A novel in verse … and the writing thereof
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Cory wanted to wait

till we were married.

That made me wonder, if maybe

he didn’t really want me, or if

he would turn out to be some

religious nut or if something else

was wrong.

My cousin Mary had married a guy

a month before who was always talking about how

there’s more to love than sex,

“Which is all very well,” she said,

as she went to file for the divorce

a week after the wedding, “except

there’s more to sex than

one hand up and one hand down, too,

or so I’ve heard. I wouldn’t know

from that marriage,” she said,

giving the pepper tree a near miss

as she pulled out of the driveway.

A few clusters of peppers in their

     pink-red papery sheaths

landed on the windshield.

“I mean, that’s what I had

     when I slept alone, but at least

               my hands knew what they were doing.

Which is more,” she said, “than he could claim.”

She took aim at a eucalyptus tree

     and hit the gas.

“Mary,” I said, scrunching down in my seat,

     “should I drive?”

“—and anyway, he needs to learn a little about

tact and timing, because

even if he’s got a point,

he shouldn’t try to make it and me

at the same time!”

We missed the tree somehow, (my eyes

were closed) but the antennae snagged

several hanging strips of bark

which fluttered from it, like a tattered flag.

At the corner, she stopped. There was

no stop sign there, and

               no traffic.

“Mary,” I said, “I think I better drive.”

The car lurched as she

               put it in gear. Now she had

a jacaranda in her sights, a massive tree on the central,

uncurbed boulevard, its great branches stretching out

almost all the way across the lanes on either side.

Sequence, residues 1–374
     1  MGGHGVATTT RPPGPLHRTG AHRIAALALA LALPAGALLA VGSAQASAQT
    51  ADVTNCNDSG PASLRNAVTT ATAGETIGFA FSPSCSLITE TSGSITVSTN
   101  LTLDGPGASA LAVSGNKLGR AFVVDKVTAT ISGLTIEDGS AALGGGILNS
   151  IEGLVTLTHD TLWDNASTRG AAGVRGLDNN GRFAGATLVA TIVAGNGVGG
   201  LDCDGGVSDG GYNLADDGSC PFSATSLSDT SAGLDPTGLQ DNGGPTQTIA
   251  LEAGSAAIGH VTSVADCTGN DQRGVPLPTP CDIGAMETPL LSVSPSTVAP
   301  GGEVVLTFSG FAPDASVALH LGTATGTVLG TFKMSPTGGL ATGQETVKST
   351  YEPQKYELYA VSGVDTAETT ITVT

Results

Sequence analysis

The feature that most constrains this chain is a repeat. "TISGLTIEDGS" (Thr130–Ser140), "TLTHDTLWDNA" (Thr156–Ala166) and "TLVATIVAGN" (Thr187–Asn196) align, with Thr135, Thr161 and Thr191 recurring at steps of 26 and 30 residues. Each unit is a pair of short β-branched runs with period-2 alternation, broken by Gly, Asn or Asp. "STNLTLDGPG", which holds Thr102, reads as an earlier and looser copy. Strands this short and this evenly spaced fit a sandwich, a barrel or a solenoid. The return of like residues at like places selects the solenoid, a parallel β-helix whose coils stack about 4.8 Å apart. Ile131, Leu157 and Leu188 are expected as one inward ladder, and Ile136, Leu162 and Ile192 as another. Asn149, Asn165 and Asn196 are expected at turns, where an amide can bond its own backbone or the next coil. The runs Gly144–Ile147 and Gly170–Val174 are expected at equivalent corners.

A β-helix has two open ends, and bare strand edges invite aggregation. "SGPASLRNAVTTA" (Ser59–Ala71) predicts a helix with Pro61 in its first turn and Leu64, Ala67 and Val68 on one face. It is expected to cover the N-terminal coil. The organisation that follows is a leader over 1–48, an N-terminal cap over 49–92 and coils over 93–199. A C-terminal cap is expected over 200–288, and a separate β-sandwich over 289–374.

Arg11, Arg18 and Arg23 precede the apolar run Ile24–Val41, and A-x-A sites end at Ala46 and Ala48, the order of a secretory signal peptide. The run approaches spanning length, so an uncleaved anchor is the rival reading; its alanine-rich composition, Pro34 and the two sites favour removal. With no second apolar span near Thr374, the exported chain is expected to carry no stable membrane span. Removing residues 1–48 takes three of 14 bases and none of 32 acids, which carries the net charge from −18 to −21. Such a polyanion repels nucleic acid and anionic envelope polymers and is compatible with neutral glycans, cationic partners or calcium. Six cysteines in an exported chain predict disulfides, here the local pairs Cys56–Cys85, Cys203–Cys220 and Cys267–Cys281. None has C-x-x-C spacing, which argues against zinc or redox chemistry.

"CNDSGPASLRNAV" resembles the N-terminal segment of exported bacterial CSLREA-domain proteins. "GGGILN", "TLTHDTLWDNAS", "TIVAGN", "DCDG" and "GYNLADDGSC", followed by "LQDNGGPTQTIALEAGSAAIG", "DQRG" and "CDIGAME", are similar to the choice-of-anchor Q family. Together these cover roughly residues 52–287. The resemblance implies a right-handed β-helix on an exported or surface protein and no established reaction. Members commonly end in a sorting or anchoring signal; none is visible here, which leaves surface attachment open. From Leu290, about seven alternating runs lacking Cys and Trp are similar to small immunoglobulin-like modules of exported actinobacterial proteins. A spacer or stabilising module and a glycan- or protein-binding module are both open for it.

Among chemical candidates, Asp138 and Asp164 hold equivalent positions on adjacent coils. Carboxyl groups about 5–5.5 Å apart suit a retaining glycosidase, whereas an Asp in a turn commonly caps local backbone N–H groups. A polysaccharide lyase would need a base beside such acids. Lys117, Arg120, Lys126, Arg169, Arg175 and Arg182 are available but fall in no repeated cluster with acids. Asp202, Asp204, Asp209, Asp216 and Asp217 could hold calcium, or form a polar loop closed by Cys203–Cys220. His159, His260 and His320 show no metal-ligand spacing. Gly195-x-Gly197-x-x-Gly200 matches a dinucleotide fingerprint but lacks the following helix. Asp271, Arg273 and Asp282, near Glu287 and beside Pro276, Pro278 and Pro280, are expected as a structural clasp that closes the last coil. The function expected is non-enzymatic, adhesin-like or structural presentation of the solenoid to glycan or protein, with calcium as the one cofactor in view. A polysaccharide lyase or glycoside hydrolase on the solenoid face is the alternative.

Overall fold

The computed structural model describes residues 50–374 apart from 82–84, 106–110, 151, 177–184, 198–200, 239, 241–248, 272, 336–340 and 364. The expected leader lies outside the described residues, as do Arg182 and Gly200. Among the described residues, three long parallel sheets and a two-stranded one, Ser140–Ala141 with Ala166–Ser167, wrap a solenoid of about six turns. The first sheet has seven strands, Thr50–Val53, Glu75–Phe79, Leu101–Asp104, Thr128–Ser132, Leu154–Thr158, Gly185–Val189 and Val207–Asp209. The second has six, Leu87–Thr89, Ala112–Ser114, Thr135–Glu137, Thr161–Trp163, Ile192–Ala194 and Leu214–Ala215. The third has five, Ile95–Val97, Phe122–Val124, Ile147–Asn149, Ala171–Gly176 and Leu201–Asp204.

“—trying to look so

sensitive and sweet,

caring more about me than my body,

and all because he couldn’t do it!

The creep. The fraud.”

“Mary, will you let me drive!”

She heard me that time. She gave the wheel

a twist and we

just swiped the jacaranda, a bump and slide as

flowers the color of the sky but more so pattered down.

“I’m all right,” she said

hiccupping, and tears

streamed down her face.

“Then pull over,” I said, “and let me out.”

“And what’s got you?” she asked.

“I just want to live through

this crisis in your life, is all,” I said.

     “Now give me the wheel or go alone.”

She hit the brakes so hard she

jarred the fillings in my teeth, then

marched around the front

     end of the car (right in the middle

of the street, mind you, though she’d had the grace

     to stop at a red light) while I

     slid across the seat, behind the wheel.

The passenger door jerked open, slammed,

     the light turned green.

“He used to quote Shakespeare at me,”

     she said, beating her hands

     on the dashboard, “I thought it was romantic.

Agh! Don’t tell me about

the marriage of true minds. Come on, Linda,

     you wanted to drive, so drive!”

I drove, peering through the mélange

     of peppers, bark and flowers.

As we pulled up at the courthouse, she said,

     “There’s a lesson to be learned here:

get them in bed first. Tried and true.

Better a slut than a virgin.

That’s my motto from now on.”


You see why I had to wonder.

But Cory made it clear enough

he wanted me, and it became clear enough that

everything was in working order down there, because

while there were lines he wouldn’t cross,

     they were generously drawn.

And I found out a few things

about my own working parts as well, that

things were rather better lubricated and capable of

     higher pitches than I’d yet realized.

So I said, Okay. But, I said,

we better get married soon,

or we ain’t gonna make it,

unless you put an ocean between us.

“They already tried that,” he said,


That meant getting married in San Francisco,

because my mother’s version of a wedding, I said,

will take six months to plan, and

there’s no way I’m driving

half-way across the country with you, I said,

and not be able to sleep with you.

Maybe I can do it, I said

               but I’m not interested in trying.

So I went back

to the courthouse, this time for a wedding.

Mine. Mary was my witness.

I drove.

“You’re crazy,” she said. “You mean you haven’t

slept with him yet?

Don’t you remember

what happened to me? Didn’t you hear

what I told you?”

Till I said at last,

     “Mary, this is my wedding day,

     remember? So please—be happy for me.”

Then there he was on the steps

and I ran up them, quickly.

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